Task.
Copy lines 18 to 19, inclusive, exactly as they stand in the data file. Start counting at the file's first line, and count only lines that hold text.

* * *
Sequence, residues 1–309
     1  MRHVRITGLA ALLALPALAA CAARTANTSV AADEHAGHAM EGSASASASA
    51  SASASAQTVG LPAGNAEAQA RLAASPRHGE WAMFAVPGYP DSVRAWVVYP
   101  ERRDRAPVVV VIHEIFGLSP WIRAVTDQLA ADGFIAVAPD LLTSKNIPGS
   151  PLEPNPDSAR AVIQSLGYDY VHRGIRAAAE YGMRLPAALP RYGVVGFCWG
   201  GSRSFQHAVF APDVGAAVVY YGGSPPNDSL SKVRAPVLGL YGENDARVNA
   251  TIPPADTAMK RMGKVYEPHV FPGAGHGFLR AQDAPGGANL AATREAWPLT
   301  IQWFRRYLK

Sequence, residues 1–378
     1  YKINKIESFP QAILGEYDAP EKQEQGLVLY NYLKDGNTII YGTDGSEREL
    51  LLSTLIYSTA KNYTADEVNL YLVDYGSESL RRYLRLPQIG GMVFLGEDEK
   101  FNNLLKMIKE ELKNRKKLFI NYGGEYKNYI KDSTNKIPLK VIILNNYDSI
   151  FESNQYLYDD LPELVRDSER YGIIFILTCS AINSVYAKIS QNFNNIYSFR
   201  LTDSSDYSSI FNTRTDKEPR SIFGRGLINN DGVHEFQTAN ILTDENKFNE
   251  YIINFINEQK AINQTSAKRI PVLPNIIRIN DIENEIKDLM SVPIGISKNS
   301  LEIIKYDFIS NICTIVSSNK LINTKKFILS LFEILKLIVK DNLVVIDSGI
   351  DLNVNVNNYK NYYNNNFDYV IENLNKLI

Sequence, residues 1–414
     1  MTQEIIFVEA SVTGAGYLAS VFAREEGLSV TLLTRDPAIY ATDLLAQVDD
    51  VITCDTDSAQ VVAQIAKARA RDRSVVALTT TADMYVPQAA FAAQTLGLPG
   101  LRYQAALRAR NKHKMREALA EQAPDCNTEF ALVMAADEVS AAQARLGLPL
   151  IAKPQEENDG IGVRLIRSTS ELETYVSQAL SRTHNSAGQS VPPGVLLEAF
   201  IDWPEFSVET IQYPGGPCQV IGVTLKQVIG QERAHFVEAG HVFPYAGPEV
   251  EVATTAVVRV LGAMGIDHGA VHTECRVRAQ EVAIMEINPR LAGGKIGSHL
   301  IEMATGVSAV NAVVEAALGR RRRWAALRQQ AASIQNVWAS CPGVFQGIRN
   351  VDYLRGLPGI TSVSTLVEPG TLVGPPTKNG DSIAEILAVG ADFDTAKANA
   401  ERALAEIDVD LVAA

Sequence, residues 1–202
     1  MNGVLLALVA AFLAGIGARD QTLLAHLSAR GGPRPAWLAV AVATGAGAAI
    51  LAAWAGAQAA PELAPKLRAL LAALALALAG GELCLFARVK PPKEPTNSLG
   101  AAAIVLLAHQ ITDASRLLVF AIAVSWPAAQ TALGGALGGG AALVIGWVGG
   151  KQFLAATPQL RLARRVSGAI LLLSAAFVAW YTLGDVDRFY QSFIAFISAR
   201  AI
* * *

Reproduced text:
Sequence, residues 1–414
     1  MTQEIIFVEA SVTGAGYLAS VFAREEGLSV TLLTRDPAIY ATDLLAQVDD